You have the ability to control your thoughts
One of the reasons why this book helps me overcome moments of self-doubt is because these are his personal notes. He wrote these to himself without the idea of having them published. So why is he writing this to himself? Why does he feel that his soul is degrading itself? If even he has these feelings, the Emperor of Rome, then I’m not that different from him as a person. And he is known as one of the five good emperors. Maybe I should be kinder to myself. Instead of talking myself down and relying on others for my happiness, it is time for me to respect myself and take control.
He even reminds himself of this, to understand that you control your thoughts. You can recognize them and then stop them. Use that to look at the situation from a different angle. Instead of doom and gloom, learn to look for lessons and opportunities. Your thoughts take you on a ride, they tell you these things. Practice telling them to stop. That’s what helps me overcome my self-doubt. This post was started by one of those moments.
“Your ability to control your thoughts – treat it with respect. It’s all that protects your mind from false perceptions – false to your nature, and that of all rational beings. It’s what makes thoughtfulness possible, and affection for other people, and submissions to the divine.”Marcus Aurelius, Meditations, Book 3.9
Discard your self-doubts
These moments happen though. Thoughts of self-doubt come up. In my first years as a teacher, whenever I would be observed by a peer or superior, I would be nervous. My mind would take me places and would expose me as a fraud. But even nowadays, as I’m creating content, the thoughts still show their faces. Whenever I press publish or speak in public about my views, I question myself. And there is Marcus again. With some advice, and some beautiful lines, that tell me where my power lies.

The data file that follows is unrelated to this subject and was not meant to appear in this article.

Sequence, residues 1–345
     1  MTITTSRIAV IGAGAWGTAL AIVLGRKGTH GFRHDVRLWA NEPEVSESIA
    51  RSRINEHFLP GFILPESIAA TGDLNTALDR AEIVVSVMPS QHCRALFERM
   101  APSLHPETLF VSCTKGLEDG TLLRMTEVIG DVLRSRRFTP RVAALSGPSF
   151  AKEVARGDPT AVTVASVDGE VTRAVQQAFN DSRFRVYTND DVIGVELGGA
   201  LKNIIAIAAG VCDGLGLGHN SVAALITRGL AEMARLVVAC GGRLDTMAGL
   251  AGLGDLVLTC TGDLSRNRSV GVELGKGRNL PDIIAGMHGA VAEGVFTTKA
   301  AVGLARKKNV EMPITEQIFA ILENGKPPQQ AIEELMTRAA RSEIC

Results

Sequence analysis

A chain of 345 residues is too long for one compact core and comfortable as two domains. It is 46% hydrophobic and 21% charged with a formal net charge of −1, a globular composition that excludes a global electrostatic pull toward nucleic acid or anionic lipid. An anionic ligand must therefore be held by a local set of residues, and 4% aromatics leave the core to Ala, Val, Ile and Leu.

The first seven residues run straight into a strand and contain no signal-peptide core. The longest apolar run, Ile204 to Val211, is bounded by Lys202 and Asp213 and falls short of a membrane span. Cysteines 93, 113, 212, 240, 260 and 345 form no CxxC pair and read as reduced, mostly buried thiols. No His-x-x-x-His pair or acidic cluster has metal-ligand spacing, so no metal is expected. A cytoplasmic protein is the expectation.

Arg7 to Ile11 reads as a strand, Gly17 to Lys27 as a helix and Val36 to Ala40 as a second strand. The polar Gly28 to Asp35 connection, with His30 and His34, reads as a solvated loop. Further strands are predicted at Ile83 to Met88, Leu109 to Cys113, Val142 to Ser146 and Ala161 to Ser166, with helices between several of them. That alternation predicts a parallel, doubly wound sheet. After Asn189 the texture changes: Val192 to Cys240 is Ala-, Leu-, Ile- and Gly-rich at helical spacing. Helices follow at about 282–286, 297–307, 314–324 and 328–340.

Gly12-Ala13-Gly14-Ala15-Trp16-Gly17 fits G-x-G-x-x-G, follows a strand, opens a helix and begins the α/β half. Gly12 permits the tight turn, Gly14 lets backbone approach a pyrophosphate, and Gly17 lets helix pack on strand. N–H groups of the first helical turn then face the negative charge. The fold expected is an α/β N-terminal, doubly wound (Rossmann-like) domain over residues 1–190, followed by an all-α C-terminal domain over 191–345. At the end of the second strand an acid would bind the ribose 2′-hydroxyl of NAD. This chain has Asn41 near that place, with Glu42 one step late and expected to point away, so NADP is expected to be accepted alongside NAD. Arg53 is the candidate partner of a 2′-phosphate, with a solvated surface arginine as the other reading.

“Today I escaped from anxiety. Or no, I discarded it, because it was within me, in my own perceptions – not outside.”Marcus Aurelius, Meditations, Book 9.13
He didn’t escape it, he discarded it. Not running from it but taking it for what it was. He brushed it aside because he knew it came from his mind. The same goes for self-doubt. It comes from ourselves. Learn to look at it from that angle. We set ourselves limits that don’t exist. We can discover our limits by trying, not by thinking.
Don’t worry about other people
How do we overcome self-doubt as a Stoic? Well, let’s first acknowledge where it starts. In our mind, nowhere else. Then we can tell ourselves to stop. Reflect on what we are doubting about and see it for what it is. We create our reality, so we can change it as well. Then we must learn to stay close to our nature and purpose. From that framework, we can build and tackle any obstacle that comes our way.
When that little voice pops up, discard it. When you find yourself in awe of someone, tell yourself that they are only human. No different from you. If you do your best and make sure you know what you need to know, then you’re no less than anyone out there. I’ll leave you with two more quotes by Marcus to wrap this one up.
“Look inward. Don’t let the true nature or value of anything elude you.”Marcus Aurelius, Meditations, Book 6.3
“Don’t waste the rest of your time here worrying about other people – unless it affects the common good. It will keep you from doing anything useful.”Marcus Aurelius, Meditations, Book 3.4